Quantification of DNA using UV Spectrophotometer
The eluted DNA (50 l) was dissolved in 3.0 ml of 1X SSC buffer. The absorbance of DNA sample was determined at 220nm using 0.1X SSC buffer as blank in a UV spectrophotometer. The wavelength was increased by 10 nm up to 300 nm, the absorbance of the sample was measured. The absorbance ratio of 260 to 280 nm were measured.
Random amplified polymorphic DNA (RAPD) fingerprinting of isolated strain
DNA prepared from the isolated strain (Boom et al., 1990), the RAPD fingerprinting technique was carried out using B11 and B12 primer as per the method described by Gerritsen et al. (1995). The amplification of isolated leptospiral DNA was carried out in a total volume of 50 l which contains 50 ng of isolated chloromosomal DNA, 10 mM Tris HCl (pH 9.0), 50 mM KCl, 4 mM MgCl2, 0.1mM of each of the four dNTP mixture (dATP, dTTP, dCTP and dGTP), 300pm of each of primer (B11 and B12) and 0.5 U of Taq DNA polymerase.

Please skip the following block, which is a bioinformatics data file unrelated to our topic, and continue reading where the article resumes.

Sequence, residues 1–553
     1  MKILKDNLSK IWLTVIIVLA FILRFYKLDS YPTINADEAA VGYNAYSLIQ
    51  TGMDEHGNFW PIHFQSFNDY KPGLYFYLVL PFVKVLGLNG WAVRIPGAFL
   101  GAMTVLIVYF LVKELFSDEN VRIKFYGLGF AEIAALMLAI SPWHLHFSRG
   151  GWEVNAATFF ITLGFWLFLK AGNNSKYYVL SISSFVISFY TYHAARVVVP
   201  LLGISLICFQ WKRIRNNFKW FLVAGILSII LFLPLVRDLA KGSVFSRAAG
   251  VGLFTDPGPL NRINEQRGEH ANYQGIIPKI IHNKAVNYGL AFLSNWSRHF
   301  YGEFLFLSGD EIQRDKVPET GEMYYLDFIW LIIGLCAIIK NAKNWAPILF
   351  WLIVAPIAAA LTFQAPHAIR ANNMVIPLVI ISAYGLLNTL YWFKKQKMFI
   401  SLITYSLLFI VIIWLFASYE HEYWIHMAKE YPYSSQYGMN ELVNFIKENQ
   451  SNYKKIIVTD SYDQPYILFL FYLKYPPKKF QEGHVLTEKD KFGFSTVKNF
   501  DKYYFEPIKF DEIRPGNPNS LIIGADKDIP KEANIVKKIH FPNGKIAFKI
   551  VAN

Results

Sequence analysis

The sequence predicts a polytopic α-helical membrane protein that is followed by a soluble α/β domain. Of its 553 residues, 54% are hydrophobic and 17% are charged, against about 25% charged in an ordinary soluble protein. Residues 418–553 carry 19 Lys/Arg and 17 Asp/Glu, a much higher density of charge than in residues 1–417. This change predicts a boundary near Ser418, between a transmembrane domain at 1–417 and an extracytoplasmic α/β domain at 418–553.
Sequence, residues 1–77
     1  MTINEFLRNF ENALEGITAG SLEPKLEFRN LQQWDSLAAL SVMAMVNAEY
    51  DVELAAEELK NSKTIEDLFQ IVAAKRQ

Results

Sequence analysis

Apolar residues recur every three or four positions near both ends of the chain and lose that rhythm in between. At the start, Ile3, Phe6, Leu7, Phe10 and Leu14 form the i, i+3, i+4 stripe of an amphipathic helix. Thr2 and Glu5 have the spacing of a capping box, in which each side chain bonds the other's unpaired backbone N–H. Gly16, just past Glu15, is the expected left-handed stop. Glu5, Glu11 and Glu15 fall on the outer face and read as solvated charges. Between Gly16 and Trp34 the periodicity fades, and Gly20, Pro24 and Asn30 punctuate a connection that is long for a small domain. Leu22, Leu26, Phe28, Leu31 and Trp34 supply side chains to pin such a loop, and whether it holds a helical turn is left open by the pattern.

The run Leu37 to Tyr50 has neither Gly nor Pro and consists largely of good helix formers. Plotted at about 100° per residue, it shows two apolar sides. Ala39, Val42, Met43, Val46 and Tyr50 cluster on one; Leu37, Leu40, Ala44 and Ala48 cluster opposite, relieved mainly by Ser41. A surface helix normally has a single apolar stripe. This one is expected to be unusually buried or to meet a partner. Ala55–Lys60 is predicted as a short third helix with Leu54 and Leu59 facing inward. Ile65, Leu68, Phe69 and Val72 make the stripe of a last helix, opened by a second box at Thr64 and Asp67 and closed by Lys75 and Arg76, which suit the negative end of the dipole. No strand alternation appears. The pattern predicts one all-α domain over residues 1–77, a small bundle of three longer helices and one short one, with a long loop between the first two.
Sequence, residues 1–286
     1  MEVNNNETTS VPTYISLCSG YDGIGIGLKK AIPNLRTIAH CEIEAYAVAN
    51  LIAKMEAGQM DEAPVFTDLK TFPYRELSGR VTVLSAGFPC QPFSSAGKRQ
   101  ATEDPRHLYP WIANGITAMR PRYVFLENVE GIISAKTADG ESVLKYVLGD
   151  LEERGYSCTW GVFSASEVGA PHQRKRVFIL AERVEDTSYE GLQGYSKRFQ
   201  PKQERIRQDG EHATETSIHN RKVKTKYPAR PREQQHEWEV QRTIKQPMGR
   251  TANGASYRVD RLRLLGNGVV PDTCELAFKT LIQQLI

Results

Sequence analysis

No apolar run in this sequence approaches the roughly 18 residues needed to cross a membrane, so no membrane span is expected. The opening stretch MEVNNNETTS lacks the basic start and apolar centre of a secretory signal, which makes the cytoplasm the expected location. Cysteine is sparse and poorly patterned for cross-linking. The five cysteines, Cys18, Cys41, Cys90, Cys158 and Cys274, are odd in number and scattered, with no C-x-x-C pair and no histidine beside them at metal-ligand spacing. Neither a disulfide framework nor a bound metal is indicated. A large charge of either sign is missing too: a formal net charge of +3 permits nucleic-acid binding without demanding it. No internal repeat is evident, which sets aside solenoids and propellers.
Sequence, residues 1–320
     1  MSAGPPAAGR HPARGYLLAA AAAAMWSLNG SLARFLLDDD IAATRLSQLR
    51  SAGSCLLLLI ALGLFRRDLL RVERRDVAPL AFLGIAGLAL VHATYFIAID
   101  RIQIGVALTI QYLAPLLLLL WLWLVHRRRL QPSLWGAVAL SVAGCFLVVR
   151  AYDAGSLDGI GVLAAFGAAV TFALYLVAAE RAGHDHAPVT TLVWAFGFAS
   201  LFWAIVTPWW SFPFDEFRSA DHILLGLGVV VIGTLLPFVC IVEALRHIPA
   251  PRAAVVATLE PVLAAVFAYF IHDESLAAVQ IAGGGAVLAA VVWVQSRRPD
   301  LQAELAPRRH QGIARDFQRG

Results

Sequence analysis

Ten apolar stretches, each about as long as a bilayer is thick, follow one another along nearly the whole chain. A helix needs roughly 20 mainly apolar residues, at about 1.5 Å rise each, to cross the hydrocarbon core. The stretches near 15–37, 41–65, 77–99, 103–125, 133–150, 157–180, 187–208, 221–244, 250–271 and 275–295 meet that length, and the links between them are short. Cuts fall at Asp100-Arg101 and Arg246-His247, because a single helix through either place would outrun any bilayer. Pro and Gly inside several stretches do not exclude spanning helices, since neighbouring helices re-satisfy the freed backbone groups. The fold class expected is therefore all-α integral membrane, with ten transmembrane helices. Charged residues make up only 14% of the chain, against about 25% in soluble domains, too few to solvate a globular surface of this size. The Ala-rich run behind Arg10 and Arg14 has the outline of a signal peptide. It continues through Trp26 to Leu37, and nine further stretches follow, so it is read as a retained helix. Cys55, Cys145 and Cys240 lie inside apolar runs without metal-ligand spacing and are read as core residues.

Primer B11 - CCGGAAGAAGGGGCGCCAT
B12 - CGATTAAGAAGGACTTGAACAC
Amplification of DNA
The amplification of DNA was carried out in a total of 35 cycles in a MJ Thermal cycler. Each cycle consist of denaturation of DNA at 950C for 1 min, annealing of the primers at 60oC for 1 min and extension for 3mins at 72oC with a final extension for 10mins in last cycles.
Agarose gel electrophoresis of amplified DNA